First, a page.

In addition, it will be appreciated that the various operations, processes and methods disclosed herein may be embodied in a non-transitory machine-readable medium and/or a machine-accessible medium compatible with a data processing system (e.g., a server 1021-N, a data processing device 1041-M). Accordingly, the specification and drawings are to be regarded in an illustrative rather than a restrictive sense.

Claims

1. A method comprising:

executing a configuration engine on at least one data processing device of a computing system comprising a plurality of resources across a computer network, the plurality of resources comprising a plurality of data processing devices including the at least one data processing device and components associated therewith executing across the plurality of data processing devices; and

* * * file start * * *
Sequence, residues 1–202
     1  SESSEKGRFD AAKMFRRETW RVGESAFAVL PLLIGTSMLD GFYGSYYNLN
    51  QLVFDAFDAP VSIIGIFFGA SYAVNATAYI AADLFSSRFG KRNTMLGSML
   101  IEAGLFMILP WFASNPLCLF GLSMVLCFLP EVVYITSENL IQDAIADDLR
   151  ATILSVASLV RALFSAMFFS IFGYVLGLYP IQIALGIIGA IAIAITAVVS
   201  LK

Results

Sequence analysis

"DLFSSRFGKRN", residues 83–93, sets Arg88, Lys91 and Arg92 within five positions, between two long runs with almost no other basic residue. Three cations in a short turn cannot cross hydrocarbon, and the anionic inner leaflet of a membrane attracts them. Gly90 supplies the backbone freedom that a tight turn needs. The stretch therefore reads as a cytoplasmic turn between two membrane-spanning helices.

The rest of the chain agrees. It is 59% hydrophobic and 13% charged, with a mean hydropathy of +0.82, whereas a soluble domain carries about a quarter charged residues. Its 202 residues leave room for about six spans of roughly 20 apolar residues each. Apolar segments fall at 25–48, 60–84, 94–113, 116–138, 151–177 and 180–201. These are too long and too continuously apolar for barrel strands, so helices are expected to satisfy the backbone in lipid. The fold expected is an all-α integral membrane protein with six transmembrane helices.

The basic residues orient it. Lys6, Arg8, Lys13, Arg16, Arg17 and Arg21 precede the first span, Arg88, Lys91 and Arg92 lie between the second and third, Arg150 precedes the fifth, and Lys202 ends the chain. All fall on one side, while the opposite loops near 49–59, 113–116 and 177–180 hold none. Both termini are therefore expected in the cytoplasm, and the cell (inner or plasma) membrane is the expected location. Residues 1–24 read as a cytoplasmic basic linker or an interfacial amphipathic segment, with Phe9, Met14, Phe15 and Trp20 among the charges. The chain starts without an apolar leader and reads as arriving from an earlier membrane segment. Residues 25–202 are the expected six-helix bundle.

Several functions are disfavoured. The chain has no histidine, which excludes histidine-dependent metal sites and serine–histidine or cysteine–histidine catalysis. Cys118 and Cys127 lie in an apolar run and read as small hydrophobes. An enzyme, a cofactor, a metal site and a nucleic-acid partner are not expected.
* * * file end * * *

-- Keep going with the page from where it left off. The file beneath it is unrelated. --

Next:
in accordance with an execution of the configuration engine, discovering at least a subset of the plurality of resources that is associated with a target environment of the computing system based on querying a first metadata associated with the plurality of resources in the target environment; in accordance with a discovery, generating an environment definition associated with the target environment based on combining information relevant to test configurations pertinent to all resources corresponding to at least the subset of the plurality of resources from all layers of a multi-layered system architectural model of the target environment, a multi-layered system architectural model specifying connections across all the resources corresponding to at least the subset of the plurality of resources, and an environment definition specifying configuration requirements of at least the subset of the plurality of resources in the target environment; building a baseline configuration and a policy for at least the subset of the plurality of resources in accordance with the environment definition; building a second metadata for at least the subset of the plurality of resources in accordance with the policy, the second metadata providing a plurality of contexts to the environment definition; versioning, in a repository of the computing system, the environment definition, the baseline configuration, the policy, the second metadata, and a test instruction pertinent to scanning the target environment for configurations; and in accordance with tracking the second metadata versioned in the repository, automatically scanning at least the subset of the plurality of resources in accordance with the environment definition based on executing the test instruction pertinent to scanning the target environment for configurations and retrieving at least one of: a first specific configuration and a second specific configuration therefrom based on the scanning; and at least one of: automatically determining a misconfiguration based on comparing the first specific configuration to a corresponding baseline configuration versioned in the repository, and verifying that a sequence of configurations is correctly defined based on the second specific configuration.